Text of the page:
The Urban Greening Program will fund projects that reduce greenhouse gases by sequestering carbon, decreasing energy consumption and reducing vehicle miles traveled, while also transforming the built environment into places that are more sustainable, enjoyable, and effective in creating healthy and vibrant communities. These projects will establish and enhance parks and open space, using natural solutions to improving air and water quality and reducing energy consumption, and creating more walkable and bike-able trails.
All projects are required to show a net GHG benefit and provide multiple other benefits. In order to quantify GHG emission reductions, projects must include at least one of the following project activities:
1. Sequester and store carbon by planting trees
2. Reduce building energy use by strategically planting trees to shade buildings
3. Reduce commute vehicle miles traveled by constructing bicycle paths, bicycle lanes or pedestrian facilities that provide safe routes for travel between residences, workplaces, commercial centers, and schools.
Projects – In addition to reducing greenhouse gas emissions, SB 859 requires all projects to achieve measurable benefits. Per statute, all projects must do at least one of the following-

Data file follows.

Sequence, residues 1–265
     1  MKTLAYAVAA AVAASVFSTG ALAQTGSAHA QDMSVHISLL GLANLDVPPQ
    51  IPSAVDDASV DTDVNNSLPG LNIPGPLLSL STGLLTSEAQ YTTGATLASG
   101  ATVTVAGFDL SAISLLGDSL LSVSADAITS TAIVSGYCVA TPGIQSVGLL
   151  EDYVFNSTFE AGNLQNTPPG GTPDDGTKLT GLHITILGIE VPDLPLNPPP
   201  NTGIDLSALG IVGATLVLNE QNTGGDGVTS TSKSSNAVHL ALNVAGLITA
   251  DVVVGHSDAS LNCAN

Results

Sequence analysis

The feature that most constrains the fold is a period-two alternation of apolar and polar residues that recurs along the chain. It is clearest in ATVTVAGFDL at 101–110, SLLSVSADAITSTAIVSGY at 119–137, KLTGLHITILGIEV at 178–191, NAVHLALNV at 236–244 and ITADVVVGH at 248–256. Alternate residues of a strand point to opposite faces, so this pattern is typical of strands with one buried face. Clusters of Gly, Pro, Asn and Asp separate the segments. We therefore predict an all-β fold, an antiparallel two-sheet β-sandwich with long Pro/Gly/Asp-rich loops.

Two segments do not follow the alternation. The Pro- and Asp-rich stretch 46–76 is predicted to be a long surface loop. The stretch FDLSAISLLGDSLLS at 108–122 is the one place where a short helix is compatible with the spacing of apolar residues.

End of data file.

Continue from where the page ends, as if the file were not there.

1. Acquire, create, enhance, or expand community parks and green spaces, and/or
2. Use natural systems or systems that mimic natural systems to achieve multiple benefits.
Eligible urban greening projects will reduce GHG emissions and provide multiple additional benefits, including, but not limited to, a decrease in air and water pollution or a reduction in the consumption of natural resources and energy. Eligible projects will result in the conversion of an existing built environment into green space that uses natural and green infrastructure approaches to create sustainable and vibrant communities. A competitive project will maximize opportunities to reduce GHG emissions through project design and implementation, and will incorporate green infrastructure solutions that improve the sustainability and function of existing urban hardscapes and landscapes.